Livø is a 320-hectare Danish island with approximately 10 year-round residents. The island is located in the Limfjord, about 20 minutes by boat from Roenbjerg in the middle of the Limfjord. It is midway between Nykøbing Mors, Løgstør, Fjerritslev and Thisted. Northeast of the island lies Løgstør Bredning while Livø Broads lies west and south of the island.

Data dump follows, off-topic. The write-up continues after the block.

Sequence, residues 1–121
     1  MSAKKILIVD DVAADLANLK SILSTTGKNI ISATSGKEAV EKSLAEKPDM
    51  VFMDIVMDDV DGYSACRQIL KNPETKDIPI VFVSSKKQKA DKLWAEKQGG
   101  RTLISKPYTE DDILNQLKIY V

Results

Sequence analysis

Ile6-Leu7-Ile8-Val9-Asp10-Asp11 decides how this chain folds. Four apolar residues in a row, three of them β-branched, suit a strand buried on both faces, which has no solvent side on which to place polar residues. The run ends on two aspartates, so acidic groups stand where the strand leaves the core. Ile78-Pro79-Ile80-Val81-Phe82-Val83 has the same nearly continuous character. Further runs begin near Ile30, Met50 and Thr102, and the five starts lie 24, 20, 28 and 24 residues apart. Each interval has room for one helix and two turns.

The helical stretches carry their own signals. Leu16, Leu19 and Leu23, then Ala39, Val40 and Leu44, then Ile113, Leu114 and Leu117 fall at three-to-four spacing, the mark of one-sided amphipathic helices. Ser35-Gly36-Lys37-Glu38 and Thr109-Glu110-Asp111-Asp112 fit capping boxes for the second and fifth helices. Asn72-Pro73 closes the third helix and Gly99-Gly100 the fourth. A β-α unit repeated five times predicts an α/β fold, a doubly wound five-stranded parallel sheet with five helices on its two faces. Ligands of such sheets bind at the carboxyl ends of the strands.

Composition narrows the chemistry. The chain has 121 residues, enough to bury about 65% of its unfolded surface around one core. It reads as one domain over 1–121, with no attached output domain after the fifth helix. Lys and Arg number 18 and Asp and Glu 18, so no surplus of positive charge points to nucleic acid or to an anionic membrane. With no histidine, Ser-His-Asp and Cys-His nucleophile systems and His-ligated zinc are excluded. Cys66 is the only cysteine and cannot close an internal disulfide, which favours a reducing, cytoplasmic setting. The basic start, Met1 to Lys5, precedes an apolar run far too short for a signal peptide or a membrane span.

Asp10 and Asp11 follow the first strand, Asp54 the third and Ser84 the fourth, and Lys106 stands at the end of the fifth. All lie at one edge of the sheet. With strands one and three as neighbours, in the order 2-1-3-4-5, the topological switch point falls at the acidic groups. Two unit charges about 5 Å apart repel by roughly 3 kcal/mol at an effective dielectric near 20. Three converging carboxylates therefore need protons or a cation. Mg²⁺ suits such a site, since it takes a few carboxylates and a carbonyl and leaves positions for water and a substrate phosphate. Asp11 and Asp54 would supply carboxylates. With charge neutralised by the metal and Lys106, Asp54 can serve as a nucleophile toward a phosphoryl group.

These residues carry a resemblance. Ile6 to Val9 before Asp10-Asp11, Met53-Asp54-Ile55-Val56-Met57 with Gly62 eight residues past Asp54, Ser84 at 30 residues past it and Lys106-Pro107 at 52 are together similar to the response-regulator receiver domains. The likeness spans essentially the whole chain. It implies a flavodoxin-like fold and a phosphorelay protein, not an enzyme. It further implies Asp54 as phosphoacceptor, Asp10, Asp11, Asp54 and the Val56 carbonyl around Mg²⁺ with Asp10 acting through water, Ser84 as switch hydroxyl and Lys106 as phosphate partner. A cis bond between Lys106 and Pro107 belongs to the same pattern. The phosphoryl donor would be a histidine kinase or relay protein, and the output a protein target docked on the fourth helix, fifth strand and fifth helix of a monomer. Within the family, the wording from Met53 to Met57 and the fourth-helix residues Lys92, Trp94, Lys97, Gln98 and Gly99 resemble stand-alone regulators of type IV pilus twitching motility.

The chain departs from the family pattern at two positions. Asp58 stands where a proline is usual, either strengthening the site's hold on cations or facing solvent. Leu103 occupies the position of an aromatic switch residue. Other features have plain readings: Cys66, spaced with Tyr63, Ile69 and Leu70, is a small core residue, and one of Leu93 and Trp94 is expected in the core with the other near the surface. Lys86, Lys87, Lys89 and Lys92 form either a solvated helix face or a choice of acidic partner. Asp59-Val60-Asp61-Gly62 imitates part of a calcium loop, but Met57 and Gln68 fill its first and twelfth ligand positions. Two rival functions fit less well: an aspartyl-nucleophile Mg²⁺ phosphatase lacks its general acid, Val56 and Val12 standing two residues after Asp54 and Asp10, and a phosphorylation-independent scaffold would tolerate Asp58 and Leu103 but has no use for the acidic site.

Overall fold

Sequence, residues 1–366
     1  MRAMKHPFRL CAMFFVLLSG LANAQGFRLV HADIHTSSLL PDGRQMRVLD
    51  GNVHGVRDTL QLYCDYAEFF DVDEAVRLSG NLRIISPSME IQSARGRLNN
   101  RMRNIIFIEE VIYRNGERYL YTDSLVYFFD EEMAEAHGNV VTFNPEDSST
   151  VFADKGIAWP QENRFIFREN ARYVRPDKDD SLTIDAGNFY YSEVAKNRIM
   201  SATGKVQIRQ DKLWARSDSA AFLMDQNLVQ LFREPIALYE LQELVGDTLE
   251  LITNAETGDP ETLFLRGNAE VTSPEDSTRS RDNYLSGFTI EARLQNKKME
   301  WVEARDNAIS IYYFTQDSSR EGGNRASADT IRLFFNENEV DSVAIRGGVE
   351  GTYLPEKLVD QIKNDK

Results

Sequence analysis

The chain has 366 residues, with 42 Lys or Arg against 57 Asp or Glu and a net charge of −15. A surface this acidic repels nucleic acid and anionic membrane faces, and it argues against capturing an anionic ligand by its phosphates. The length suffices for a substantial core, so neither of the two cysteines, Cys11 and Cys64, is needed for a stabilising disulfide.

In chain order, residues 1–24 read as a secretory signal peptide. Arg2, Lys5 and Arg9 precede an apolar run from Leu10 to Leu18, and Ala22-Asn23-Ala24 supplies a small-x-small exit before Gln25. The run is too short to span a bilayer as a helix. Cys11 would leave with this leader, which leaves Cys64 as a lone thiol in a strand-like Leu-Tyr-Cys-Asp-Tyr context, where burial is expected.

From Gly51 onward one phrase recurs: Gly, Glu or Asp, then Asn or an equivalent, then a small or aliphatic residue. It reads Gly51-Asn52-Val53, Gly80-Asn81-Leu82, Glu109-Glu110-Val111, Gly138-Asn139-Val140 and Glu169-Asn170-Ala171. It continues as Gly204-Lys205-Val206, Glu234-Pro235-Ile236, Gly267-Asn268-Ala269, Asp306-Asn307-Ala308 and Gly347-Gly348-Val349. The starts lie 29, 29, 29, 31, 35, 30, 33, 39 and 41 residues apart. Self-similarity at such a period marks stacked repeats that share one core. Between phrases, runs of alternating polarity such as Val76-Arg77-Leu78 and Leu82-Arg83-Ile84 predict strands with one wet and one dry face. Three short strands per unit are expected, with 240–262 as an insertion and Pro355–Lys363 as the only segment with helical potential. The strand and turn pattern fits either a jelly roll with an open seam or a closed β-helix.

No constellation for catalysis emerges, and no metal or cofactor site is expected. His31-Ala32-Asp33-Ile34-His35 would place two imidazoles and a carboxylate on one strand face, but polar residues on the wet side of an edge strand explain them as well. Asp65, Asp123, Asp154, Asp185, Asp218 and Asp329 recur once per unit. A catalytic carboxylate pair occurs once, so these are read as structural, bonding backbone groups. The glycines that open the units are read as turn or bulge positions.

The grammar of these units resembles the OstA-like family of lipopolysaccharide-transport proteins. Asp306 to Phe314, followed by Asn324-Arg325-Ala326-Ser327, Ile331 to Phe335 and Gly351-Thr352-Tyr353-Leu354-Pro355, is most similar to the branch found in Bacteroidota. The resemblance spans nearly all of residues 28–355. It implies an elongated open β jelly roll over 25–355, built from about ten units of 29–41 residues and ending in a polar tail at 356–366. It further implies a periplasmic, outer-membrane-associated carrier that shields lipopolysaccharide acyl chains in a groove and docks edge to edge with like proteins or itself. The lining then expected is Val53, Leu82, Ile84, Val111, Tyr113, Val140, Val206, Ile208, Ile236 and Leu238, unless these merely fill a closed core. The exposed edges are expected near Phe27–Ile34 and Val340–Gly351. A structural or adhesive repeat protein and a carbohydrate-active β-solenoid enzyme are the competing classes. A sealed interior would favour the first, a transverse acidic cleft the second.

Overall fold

Livø has been a protected island since 1977. It is accessible by ferry daily between 1 April and 1 September. Dogs and motor vehicles are not permitted on the island. It is possible to walk around the entire island in one afternoon, which is about 10km total distance. Livø is notable due to its natural beauty, especially at the central, shallow part of the island near Louisehøj and Louisedal, where a hilltop towers 43 meters above the sea. The island is a moraine, pushed up by ice from Løgstør Broads in the last Ice Age. On the cliffs overlooking the sea at the northwestern edge of the island, it is possible to see layers of material that were pushed together during the Ice Age, including jetties and steep clay slopes. The eastern and southern parts of the island are flat land with a wide beach ridge that continues south and ends in the protected Livø wildlife area, which is partly inaccessible to visitors. Herds of fallow deer live in this protected area, and the wildlife here are several generations old. The area is also designated as a seal sanctuary and seals breed here in July–August. The northern part of the island is covered with a forest where various types of trees grow, with a heath in the northernmost part. The northern part of the island is 1/3 organic farms, 1/3 woods and 1/3 heath, grasslands and salt marshes.
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